Areas of Hope
This time last year, analysts were confident that Chinese investment would keep South Africa’s economy afloat. However, China’s own domestic woes have seen imports from Africa decline by as much as 30% in a year’s time. This prompted Antoinette Sayeg, IMF regional director for Africa, to announce that the momentum of Africa’s economic growth cycle may be nearing its end.
There are, however, areas of hope for the Davos delegates to explore. For instance, African countries with links to France appear to be suffering significantly less than their non-Francophone counterparts. Former French colonies using the CFA Franc have their currency pegged at a fixed rate to the euro.
There is additional cause for optimism. Economist Yvette Babb from the Standard Bank said that while average growth rates are being pulled down by the South Africa, Nigeria, and Ghana, there still are more than a dozen African countries that register near double-digit growth. Ms Babb urges investors to look beyond GDP growth: “There are plenty companies that are thriving, from Burkina Faso to Malawi. Some ask whether the Africa Rising narrative is losing its shine. My standard answer is that sustainable development is much more complex than just that.”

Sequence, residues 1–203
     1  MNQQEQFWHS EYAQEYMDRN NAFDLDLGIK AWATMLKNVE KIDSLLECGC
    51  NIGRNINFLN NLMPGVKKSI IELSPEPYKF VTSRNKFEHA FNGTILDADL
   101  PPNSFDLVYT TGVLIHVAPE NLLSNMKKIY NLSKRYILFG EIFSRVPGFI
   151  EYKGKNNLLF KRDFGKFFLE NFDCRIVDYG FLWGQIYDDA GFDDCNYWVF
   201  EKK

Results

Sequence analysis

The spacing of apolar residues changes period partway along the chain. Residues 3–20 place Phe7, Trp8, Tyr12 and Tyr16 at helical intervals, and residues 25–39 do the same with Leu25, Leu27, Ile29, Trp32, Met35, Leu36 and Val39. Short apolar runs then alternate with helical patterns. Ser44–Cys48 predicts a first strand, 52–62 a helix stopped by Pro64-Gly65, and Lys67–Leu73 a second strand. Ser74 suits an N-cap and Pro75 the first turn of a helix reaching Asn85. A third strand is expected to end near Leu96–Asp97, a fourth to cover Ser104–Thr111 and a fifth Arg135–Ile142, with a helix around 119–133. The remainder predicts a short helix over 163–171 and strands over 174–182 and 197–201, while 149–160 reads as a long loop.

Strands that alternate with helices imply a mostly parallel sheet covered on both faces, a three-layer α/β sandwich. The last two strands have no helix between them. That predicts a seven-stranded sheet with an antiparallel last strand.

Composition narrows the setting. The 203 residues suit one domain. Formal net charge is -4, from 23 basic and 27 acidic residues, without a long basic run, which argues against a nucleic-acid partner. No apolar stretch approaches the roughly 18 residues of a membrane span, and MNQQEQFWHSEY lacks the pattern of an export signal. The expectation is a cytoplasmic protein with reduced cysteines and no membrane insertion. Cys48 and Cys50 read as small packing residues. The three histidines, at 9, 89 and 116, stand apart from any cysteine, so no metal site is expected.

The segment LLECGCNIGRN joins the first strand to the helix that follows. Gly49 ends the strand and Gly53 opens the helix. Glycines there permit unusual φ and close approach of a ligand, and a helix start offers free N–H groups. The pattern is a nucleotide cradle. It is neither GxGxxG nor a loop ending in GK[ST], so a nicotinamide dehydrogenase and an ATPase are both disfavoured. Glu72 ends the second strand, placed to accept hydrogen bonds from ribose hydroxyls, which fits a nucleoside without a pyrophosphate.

Ms Babb’s reserved optimism is shared by several other experts who point to improvements in infrastructure, expanded trade partnerships, and the telecom revolution and argues that the continent’s future may not be as sombre as some pundits now predict. They also claim the current belly flop in oil prices won’t hit Africa as hard as is being anticipated. Oil producing nations may be losing out, but others depending on oil imports are enjoying a windfall.
The WEF has already labelled Ethiopia, Ivory Coast, Mozambique, and the Democratic Republic of Congo as some of the continent’s brightest stars and pacesetters for trade and investment, possibly offering a blueprint for African economic development over the next twenty or so years. While out-and-out poverty is unlikely to be eradicated, there is an expectation that Africa can maintain above-average growth rates even if commodity prices fail to revert to their historical levels.